Time travel is real: okay, so we go back and kill Thanos before the events of Infinity War. We’ve established it won’t create any Time Paradox because Back to the Future is just, hey, a movie. We go back, nuke Thanos or flush him out an airlock or decapitate him and presto, everybody’s back, because Thanos didn’t live to get all the Power Stones. Or, let’s go back to every previous Marvel movie that featured a Power Stone and steal it and destroy it before Thanos could get it. Presto, everyone’s back, and there’s no Power Stones or Gauntlet that could ever snap them away. No, instead, let’s go back, steal those Power Stones, then use it to do our own snap (without the Gauntlet?)… er..
Yeah, only the Gauntlet can harness and control the powers of those Power Stones, I think that was established earlier, so what the frak does Iron Man do at the end of Endgame? When he and Thanos are having that wrestling contest, Iron Man somehow comes out of it with the Power Stones without Thanos sussing what he’s done in a split second of wrestling masterclass brilliance, and no, I don’t remember if he’s actually wearing the Gauntlet having somehow undressed Thanos of it like some kind of party trick Paul Daniels would be proud of, he’s just in his Iron Man suit and somehow he performs a Counter-Snap anyway? WTF? The grand conclusion of the saga has me scratching my head about what the hell actually happened- a clever twist or terrible storytelling?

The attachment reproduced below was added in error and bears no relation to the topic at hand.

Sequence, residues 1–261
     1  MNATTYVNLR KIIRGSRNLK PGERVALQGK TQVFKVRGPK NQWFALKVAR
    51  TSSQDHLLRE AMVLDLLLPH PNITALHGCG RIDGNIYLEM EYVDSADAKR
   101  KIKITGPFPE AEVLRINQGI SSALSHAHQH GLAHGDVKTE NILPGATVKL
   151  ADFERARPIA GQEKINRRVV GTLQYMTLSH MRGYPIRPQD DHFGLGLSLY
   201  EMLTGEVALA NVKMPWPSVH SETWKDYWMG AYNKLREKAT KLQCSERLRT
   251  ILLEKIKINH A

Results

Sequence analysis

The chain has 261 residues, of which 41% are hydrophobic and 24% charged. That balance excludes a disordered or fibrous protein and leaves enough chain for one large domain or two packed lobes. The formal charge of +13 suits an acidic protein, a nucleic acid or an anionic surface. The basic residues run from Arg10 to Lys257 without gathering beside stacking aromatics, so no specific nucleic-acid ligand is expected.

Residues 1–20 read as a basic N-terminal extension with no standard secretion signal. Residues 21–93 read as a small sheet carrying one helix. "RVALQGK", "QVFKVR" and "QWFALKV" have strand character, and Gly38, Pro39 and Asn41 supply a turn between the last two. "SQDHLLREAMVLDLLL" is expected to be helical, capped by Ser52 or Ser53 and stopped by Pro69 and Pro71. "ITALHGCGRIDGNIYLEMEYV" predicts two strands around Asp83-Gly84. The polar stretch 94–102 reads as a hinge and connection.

I realise they filmed both Infinity War and Endgame together, back to back, but it really feels as though they shot and released Infinity War, and then had to figure some way out of it with Endgame, to fix it all back. “How do you fix the problem of Infinity War?” seems to be a question they didn’t already have an answer to, which for me feels weird, because presumably they had all this mapped out before they even started shooting any of Infinity War, nevermind what Endgame became. I mean, they did, obviously, because this is how they made the two films but it doesn’t feel like it, it doesn’t feel inherently sound or whole. Which is what disturbed me the most about Endgame.
Repeat viewings may answer some of my concerns and may make more sense of it all, but I rather doubt it. I think Endgame (and it’s a bit of a shame, but that also includes Infinity War before it), is rather a miss-step for Marvel. The box-office seems to be beyond spectacular so I’m likely in the minority as usual, but hey, box-office billions in no way reflects upon actual quality. It just possibly reflects upon the gullibility of fan-boys and a general public clamoring for the next big Event Movie. From my one current viewing, I’m of the opinion that Endgame was pretty poor and a crushing disappointment.
And next week I’m watching the grand conclusion of season eight of Game of Thrones, another saga that threatens to collapse under the weight of fan expectations and several years of build up and hype and popular-culture hysterics. I sense a pattern emerging and its not particularly pretty…